"Currently serving w/3rd Inf Div [3rd Infantry Division] Civil Military Operations (Governance) in Baghdad Iraq," Welborn wrote on his MySpace page. He describes himself as a ""Warrior for the Lord Jesus Christ." He wrote that he and his wife Carla "place all our Faith & Trust in our Savior the Lord Jesus - who provides eternal life to anyone that believes that he is the Son of God, that he was born of a virgin, lived as God in the flesh (as man) was crucified, died, and was buried then rose from the grave the third day, then acended [sic] to the right hand of the Father - True repentance (turning away from Sin to God) Being born again, Forgivness [sic] & Justification occure [sic] to the True Believer in Christ when Baptized w/God's Holy Spirit."
Additionally, Welborn endorses Stephen Mansfield's "The Faith of the American Soldier," a book that defends and praises controversial statements made by retired Lt. Gen. William G. Boykin, the former deputy undersecretary of defense for intelligence, who characterized the war on terrorism as a clash between Judeo-Christian values and Satan.
Welborn could not be reached for comment. He did not reply to an email sent to him through his MySpace page. A Pentagon spokesman said it is not uncommon for soldiers to maintain their own blogs or web sites and he did not believe Welborn's MySpace page violated military policy.
Weinstein, a former White House attorney under Ronald Reagan, former general counsel to H. Ross Perot, and who spent a decade as an Air Force Judge Advocate General (JAG), has been waging a war against the Department of Defense (DOD) for what he says is a blatant disregard of the Constitution and a pattern of forcing soldiers to embrace evangelical Christianity. Weinstein published a book on his fight: "With God on Our Side: One Man's War Against an Evangelical Coup in America's Military." He is also an Air Force veteran and a graduate of the Air Force Academy. Three generations of his family have attended US military academies.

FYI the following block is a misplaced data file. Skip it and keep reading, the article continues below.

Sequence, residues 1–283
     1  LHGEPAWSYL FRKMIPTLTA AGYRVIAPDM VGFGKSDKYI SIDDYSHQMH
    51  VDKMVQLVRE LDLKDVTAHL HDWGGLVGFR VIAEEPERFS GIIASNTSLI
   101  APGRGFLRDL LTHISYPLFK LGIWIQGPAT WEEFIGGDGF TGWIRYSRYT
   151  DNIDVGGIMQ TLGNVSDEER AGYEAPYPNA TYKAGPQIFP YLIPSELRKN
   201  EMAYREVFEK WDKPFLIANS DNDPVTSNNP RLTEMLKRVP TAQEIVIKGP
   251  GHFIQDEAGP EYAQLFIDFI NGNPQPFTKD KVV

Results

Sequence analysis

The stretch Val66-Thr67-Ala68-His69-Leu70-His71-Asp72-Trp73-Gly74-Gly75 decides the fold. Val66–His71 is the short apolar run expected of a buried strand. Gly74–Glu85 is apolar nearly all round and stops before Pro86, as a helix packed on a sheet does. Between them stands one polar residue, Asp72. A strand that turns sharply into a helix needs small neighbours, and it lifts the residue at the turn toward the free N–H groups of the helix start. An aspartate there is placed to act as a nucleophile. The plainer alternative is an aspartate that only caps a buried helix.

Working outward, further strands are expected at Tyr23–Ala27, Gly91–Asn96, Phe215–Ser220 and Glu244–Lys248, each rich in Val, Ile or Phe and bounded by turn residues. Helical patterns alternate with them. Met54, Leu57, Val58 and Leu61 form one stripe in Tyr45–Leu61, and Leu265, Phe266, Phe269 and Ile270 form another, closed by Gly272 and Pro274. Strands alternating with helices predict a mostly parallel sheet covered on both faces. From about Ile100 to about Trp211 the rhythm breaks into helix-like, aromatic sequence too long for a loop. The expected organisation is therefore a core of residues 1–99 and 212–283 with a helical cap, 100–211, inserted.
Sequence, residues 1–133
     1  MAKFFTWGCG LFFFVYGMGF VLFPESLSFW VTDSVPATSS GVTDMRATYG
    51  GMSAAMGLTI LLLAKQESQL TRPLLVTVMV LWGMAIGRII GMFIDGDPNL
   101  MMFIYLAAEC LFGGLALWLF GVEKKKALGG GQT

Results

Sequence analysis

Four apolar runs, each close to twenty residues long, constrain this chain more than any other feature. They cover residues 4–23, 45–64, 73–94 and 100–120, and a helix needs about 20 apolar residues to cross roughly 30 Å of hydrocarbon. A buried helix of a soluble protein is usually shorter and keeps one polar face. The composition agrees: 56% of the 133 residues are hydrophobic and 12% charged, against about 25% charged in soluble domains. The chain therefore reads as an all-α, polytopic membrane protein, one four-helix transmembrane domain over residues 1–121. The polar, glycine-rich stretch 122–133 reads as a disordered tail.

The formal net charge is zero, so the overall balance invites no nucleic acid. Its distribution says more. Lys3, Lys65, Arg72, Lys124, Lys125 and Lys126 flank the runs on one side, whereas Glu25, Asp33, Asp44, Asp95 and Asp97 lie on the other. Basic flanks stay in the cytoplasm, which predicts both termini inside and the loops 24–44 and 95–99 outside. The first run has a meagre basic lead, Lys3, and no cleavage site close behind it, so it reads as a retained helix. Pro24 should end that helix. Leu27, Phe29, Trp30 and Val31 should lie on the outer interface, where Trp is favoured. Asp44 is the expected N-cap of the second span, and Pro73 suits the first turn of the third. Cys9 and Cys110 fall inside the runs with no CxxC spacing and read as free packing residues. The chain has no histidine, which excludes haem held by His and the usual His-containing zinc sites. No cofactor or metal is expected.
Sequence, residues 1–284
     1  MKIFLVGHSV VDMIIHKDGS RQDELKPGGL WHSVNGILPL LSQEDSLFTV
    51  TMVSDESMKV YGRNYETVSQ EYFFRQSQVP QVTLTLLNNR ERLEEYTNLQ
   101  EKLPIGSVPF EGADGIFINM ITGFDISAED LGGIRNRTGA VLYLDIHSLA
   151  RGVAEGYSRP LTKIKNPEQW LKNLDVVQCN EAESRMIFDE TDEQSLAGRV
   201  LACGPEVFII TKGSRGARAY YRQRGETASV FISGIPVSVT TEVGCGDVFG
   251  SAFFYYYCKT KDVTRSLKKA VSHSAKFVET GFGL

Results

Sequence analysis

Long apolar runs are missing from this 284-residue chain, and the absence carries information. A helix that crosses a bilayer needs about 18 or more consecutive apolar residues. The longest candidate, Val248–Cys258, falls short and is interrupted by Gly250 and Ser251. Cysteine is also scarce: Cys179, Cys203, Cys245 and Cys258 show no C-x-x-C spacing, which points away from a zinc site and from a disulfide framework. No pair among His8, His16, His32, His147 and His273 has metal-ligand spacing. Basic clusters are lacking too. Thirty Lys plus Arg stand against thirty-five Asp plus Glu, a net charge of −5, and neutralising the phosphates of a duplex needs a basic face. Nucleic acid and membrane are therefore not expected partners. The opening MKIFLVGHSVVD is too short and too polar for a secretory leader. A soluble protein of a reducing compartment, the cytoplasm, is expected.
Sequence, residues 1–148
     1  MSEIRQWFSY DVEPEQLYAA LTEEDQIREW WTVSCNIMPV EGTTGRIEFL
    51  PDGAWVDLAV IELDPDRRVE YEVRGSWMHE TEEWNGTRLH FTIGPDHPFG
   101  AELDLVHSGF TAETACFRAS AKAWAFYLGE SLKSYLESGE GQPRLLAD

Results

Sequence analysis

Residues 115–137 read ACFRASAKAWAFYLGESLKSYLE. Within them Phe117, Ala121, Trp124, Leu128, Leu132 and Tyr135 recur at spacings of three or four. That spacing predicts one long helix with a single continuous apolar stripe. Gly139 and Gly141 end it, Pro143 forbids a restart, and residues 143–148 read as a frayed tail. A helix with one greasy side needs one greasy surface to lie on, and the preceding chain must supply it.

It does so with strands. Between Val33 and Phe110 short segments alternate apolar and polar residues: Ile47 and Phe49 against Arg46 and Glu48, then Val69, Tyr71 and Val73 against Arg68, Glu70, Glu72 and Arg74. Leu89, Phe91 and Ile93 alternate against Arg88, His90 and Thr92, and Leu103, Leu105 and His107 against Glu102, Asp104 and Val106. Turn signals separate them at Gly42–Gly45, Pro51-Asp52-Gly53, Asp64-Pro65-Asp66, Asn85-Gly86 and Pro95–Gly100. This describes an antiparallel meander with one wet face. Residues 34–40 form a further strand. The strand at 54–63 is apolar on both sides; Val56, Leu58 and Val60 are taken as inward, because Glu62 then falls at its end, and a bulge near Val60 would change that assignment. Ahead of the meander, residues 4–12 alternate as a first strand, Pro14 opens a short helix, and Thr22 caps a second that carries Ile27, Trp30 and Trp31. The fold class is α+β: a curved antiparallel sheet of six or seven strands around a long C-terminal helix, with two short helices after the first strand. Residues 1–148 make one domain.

Since he launched his watchdog organization nearly two years ago, Weinstein said he has been contacted by more than 5,000 active duty and retired soldiers, many of whom served or currently serve in Iraq, who told Weinstein they were pressured by their commanding officers to convert to Christianity.
Last month, the Pentagon's inspector general (IG) excoriated high-ranking military officials for engaging in evangelism while on duty and in uniform. The IG responded to a complaint filed last year by the Military Religious Freedom Foundation alleging DOD officials violated military regulations by appearing in a video promoting an evangelical Christian organization.
The IG agreed and issued a 47-page report that was highly critical of senior Army and Air Force personnel for participating in the video while in uniform and on active duty.